|car payment=50% of house payment right now (nm)||ColnagoFE|
Nov 6, 2003 8:25 AM
|Expensive car pmt or low house pmt? nm||Fez|
Nov 6, 2003 9:28 AM
|low house payment--average car nm||ColnagoFE|
Nov 6, 2003 10:09 AM
|I'd estimate 35% of my net. nm||sn69|
Nov 5, 2003 9:39 AM
|about 13% of gross, 22% of net, on a 15 yr note nm||DougSloan|
Nov 5, 2003 9:54 AM
|Gross income is easier for an underwriter to consider ...||HouseMoney|
Nov 5, 2003 10:34 AM
|when making a lending decision. You don't have to worry about taxes, deductions, 401k contributions, etc. Most lenders today look at total debt-to-income, not just housing payment. Someone having a total mortgage pmt (incl taxes & ins) that's 35% of their gross, but with little other consumer debt is in a much better position than someone whose housing pmt takes up 25% of their gross, but then has $2000+ of other installment/credit card debt (i.e. $750 a month for a Benz that they *had* to have).
What's really scary are the lenders who use a total dti ratio of 55-60% of gross income. Talk about eating pb&j sandwiches 5 days a week! There are some underwriting guidelines that are based more on net residual monthly income, and not ratios.
Bottom line, only borrow what you're comfortable paying, even if it's much lower than what a lender will allow.
|So where is savings in that equation?||Fez|
Nov 5, 2003 9:05 PM
|Yeah, I agree... just borrow what you are comfortable paying.
But a debt ratio like you describe that is 55-60% of gross? Besides that sounding insane, lets just break that down. Taxes are conservatively 33% of gross. Total debt like you describe equals 55-60%. So what does that leave, 7-12% of gross to basically take care of every other expense you have that is not an installment?
Obviously, you are not going to save a dime with a lifestyle like that. In fact, you probably will have to run up your credit cards higher and get an overdraft checking account to function month to month. And that will push you further into debt.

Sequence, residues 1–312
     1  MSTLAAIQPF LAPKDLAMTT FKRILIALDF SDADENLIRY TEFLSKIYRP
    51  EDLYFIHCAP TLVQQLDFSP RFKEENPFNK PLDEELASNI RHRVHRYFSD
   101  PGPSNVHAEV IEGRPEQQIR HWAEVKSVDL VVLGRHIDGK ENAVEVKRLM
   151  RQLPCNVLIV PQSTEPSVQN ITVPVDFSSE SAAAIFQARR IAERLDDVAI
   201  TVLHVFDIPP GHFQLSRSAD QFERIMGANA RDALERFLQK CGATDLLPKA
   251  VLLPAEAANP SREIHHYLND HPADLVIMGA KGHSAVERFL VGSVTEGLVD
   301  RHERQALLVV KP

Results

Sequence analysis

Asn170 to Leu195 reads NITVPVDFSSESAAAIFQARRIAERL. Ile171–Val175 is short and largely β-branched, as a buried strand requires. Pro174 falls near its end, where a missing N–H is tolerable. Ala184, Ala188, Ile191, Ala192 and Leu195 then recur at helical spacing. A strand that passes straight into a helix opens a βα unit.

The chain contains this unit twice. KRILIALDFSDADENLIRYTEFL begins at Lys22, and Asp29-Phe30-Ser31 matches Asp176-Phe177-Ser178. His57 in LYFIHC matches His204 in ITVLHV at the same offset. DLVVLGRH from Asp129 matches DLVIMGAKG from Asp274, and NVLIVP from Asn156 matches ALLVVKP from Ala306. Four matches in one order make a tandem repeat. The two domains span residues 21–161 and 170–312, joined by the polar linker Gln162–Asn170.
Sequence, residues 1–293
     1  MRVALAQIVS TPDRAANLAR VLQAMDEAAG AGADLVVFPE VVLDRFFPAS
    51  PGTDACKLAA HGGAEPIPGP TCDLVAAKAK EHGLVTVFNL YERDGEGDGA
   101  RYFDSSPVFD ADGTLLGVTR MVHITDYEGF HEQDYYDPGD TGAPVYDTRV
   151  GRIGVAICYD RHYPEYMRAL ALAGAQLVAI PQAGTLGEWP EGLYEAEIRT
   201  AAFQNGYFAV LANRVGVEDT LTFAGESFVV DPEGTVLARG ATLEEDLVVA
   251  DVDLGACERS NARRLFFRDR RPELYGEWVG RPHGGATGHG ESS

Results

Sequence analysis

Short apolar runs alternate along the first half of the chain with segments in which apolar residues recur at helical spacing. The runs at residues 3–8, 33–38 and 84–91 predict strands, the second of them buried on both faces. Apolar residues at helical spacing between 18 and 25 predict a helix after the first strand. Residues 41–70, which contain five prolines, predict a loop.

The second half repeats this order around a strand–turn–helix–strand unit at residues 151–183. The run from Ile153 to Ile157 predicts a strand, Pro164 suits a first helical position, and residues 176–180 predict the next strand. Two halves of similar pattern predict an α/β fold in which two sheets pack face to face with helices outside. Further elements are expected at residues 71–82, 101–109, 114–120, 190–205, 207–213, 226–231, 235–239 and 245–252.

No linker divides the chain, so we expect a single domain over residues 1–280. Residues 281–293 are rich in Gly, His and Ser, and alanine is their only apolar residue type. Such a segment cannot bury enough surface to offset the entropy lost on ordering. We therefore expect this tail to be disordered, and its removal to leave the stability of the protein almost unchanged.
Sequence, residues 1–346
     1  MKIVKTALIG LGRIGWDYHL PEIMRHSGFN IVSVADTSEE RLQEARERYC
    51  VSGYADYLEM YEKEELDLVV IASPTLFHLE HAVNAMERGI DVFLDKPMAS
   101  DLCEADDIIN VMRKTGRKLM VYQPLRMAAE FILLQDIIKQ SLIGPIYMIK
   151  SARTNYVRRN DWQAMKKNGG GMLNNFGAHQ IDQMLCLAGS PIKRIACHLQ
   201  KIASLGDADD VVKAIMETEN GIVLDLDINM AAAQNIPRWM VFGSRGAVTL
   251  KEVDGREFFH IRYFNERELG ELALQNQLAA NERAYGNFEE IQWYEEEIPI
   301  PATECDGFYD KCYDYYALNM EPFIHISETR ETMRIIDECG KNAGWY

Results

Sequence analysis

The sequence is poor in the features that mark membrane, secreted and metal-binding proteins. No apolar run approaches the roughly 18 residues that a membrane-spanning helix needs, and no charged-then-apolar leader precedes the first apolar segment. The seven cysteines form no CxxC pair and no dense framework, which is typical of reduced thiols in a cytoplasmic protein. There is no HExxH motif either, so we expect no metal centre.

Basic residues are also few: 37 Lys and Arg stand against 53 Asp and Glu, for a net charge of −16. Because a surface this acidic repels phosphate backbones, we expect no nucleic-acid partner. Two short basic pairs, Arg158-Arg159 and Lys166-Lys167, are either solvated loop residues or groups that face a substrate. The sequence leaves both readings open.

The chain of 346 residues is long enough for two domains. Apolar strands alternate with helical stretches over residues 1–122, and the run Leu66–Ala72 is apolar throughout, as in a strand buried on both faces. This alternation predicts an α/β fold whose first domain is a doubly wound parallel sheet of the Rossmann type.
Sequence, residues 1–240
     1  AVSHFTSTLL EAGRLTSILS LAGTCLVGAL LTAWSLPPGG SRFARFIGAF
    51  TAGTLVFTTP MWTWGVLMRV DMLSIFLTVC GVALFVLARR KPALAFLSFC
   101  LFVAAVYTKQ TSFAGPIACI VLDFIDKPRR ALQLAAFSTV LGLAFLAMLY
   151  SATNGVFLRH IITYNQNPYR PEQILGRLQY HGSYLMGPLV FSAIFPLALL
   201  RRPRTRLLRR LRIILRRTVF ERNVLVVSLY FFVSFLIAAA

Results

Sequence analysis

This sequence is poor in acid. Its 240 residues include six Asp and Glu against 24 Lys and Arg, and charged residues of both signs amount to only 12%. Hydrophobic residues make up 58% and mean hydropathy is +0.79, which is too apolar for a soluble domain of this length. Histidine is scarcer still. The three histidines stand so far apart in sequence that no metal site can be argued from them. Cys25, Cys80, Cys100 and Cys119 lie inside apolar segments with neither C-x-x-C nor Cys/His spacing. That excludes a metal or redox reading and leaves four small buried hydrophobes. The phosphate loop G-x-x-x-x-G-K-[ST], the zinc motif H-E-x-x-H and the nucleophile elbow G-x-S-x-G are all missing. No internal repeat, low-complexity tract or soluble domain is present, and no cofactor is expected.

|Yep. Exactly ...||HouseMoney|
Nov 6, 2003 5:02 AM
|I'm not saying I recommend taking on that much of a debt load. (btw, my own mortgage is at approx 25% gross on a 20-yr term) I'm just saying, as someone who is in the business (ref my handle), that some lenders will go this high. Sadly, I've come across homeowners who have a dti of over 90%! (that's of their GROSS income) Don't ask me how they manage. Some may have other source(s) of income that are not "on the books", so in reality it's not as bad as it looks, i.e. a part-time cash job, boarders paying rent, etc.
Usually, though, these people are desparate & looking for someone, anyone, to help them get out of their financial mess. Generally, not only are their debt loads racked up too high, but they have no equity in their homes, either. I have, on several occasions, directed these folks to phone an attorney who specializes in bankruptcies.
|Zero, except for prop taxes, insurance and||OldEdScott|
Nov 5, 2003 7:35 PM
|maintenance. You can do it too, if you're willing to spend five years living in a trailer on-site while you build the damn thing your own damnself as you get the money.
I realize that's not the American Dream, but I'm a Clintonian deficit hawk. (I may be the only average un-rich American alive who's never had a house payment or a car payment).